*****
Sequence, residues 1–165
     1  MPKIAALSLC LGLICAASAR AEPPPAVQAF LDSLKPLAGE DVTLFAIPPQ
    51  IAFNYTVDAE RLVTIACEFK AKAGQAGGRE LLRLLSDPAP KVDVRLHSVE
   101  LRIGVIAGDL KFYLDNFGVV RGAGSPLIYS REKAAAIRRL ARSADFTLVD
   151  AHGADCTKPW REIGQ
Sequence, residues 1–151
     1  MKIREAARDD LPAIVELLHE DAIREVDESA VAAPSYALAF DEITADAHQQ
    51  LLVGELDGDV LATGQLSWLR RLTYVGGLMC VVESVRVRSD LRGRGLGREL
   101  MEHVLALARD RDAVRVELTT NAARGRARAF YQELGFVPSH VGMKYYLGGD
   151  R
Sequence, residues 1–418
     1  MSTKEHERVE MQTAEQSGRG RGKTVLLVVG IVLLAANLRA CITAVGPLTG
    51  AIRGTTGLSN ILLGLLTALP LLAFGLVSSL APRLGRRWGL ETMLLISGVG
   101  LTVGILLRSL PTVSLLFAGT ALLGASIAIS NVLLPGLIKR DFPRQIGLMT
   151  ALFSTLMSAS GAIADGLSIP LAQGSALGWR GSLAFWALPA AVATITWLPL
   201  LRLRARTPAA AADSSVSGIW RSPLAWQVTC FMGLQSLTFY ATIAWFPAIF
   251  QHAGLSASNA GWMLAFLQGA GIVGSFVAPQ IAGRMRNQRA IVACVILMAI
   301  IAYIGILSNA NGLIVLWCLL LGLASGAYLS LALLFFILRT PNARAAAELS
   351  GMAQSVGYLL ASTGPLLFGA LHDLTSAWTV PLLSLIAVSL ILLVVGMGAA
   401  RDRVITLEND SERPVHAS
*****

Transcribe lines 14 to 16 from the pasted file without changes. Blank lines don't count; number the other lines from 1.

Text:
   101  LTVGILLRSL PTVSLLFAGT ALLGASIAIS NVLLPGLIKR DFPRQIGLMT
   151  ALFSTLMSAS GAIADGLSIP LAQGSALGWR GSLAFWALPA AVATITWLPL
   201  LRLRARTPAA AADSSVSGIW RSPLAWQVTC FMGLQSLTFY ATIAWFPAIF